This very moment in time is an important opportunity; an opportunity we mustn’t allow to pass us by as a computing community without taking intentional action in making long and much needed movement toward advancing systemic change by greater valuing diversity, equity, and inclusion in our field.  This is a Call to Actionour Call to Actionto hear and heed, not only for those among us who are the more vulnerable and marginalized populations but, indeed, for all in our computing community—especially those in the majority—as we all, collectively, are the gatekeepers and changemakers to join and help lead this movement.  We all will benefit from the gains made as turning the tide to lift one boat raises all boats.  With our individual and collective efforts, we can and shall succeed in tangibly moving the needle and making measurable progress through intentional and appropriate interventions.  These interventions will bring about continual, significant, and sustained change for enabling persons from all demographic populations in our expanding and diverse society to share equally in opportunities and access, thus enabling gainful strides in further valuing diversity, equity and inclusion within our computing community.

About the author: Timothy M. Pinkston is a Professor and George Pfleger Chair in Electrical and Computer Engineering, and Vice Dean for Faculty Affairs, in the USC Viterbi School of Engineering at the University of Southern California.  He is an AAAS Fellow, ACM Fellow, and IEEE Fellow.  He serves as a member of the CRA Board and also serves as Co-Chair of SIGARCH/SIGMICRO CARES.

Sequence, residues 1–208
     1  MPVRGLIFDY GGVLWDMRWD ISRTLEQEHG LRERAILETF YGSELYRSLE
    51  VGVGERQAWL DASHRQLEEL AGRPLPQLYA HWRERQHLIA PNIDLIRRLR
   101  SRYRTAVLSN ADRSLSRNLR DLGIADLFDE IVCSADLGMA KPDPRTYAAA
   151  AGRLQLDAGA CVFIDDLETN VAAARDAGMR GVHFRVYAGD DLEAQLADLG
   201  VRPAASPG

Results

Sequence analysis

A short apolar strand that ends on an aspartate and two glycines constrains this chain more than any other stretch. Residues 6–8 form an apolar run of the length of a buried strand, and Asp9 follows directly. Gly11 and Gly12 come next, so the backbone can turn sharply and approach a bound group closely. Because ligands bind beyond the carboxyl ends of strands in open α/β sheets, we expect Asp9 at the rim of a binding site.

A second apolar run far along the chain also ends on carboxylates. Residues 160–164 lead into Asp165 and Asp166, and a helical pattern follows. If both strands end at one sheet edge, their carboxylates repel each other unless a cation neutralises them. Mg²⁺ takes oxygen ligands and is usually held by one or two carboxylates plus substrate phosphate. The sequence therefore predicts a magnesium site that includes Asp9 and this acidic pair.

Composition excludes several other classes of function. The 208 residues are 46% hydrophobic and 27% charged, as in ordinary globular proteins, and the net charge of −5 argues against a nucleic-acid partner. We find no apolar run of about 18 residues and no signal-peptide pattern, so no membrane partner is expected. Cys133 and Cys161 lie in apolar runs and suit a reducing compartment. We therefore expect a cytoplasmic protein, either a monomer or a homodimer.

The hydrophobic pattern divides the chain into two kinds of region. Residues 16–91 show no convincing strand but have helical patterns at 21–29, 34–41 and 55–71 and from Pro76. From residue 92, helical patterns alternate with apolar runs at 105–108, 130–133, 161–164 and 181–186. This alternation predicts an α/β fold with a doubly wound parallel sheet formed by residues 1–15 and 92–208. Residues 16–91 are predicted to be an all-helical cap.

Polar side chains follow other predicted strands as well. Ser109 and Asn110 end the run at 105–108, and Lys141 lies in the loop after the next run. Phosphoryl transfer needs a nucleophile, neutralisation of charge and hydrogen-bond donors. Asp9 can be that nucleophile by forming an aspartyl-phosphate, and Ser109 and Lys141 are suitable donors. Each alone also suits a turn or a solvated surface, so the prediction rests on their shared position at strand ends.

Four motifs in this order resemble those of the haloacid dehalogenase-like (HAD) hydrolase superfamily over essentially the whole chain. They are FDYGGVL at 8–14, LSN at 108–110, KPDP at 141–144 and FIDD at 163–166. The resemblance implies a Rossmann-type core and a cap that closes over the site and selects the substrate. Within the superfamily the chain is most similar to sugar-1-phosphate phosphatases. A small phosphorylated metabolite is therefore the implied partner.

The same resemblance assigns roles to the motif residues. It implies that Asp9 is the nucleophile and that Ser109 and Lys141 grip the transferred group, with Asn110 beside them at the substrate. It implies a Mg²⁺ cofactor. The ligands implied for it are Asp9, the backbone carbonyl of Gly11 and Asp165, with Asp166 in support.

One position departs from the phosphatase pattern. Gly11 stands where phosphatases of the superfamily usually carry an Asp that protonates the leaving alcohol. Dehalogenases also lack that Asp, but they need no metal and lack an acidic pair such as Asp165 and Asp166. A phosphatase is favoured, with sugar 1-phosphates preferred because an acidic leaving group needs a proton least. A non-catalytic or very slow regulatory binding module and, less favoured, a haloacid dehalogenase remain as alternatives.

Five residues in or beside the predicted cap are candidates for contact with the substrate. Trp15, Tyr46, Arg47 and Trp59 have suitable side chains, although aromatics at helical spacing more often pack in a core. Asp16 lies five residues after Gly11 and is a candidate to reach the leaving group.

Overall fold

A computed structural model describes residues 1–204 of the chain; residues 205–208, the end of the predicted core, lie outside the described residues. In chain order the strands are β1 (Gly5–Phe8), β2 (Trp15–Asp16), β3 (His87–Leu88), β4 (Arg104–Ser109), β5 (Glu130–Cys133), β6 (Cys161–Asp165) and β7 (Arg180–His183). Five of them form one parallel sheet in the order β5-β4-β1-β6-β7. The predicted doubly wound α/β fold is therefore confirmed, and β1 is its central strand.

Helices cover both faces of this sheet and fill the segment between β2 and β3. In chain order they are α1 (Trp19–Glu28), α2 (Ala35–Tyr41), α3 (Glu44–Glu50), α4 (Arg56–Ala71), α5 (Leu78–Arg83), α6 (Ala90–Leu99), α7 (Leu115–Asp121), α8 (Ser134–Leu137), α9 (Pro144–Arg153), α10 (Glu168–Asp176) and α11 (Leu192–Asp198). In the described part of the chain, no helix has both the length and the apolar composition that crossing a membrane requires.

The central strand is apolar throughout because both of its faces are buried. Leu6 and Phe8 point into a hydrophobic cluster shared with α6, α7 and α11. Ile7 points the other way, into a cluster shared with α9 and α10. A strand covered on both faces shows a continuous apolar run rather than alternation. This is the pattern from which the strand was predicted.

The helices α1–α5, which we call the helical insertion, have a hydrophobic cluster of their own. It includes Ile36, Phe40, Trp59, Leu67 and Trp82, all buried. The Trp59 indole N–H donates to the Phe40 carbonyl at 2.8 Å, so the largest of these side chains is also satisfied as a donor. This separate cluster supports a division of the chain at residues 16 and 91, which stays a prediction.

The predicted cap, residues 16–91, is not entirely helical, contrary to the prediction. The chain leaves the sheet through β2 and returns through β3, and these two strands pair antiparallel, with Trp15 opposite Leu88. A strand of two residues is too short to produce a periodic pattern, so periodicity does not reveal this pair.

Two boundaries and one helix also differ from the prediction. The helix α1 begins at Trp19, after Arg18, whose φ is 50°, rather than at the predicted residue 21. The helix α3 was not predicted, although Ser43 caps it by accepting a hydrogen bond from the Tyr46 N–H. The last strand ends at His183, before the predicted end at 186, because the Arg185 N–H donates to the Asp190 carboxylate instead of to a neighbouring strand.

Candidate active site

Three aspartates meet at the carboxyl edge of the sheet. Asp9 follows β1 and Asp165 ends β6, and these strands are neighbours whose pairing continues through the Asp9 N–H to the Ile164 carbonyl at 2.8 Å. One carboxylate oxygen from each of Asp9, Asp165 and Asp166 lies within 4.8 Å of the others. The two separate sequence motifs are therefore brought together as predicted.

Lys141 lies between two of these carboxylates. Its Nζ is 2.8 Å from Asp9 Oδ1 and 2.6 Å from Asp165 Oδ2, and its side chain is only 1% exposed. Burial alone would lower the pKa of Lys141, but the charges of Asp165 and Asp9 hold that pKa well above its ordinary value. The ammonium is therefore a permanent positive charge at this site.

[1] In this article, Black (e.g., African Americans), Indigenous (e.g., Native Americans), and Persons of Color (e.g., Hispanic/Latinx Americans) are referred to collectively using the abbreviation BIPOC, not by using the term “underrepresented minorities” or the abbreviation “URM” for the reasons so eloquently described by Tiffani Williams in her ACM blog piece “’Underrepresented Minority’ Considered Harmful, Racist Language”, and also presented in her talk “Language Matters: Abolishing the Harmful and Racist Label ‘Underrepresented Minority’.”

Disclaimer: These posts are written by individual contributors to share their thoughts on the Computer Architecture Today blog for the benefit of the community. Any views or opinions represented in this blog are personal, belong solely to the blog author and do not represent those of ACM SIGARCH or its parent organization, ACM.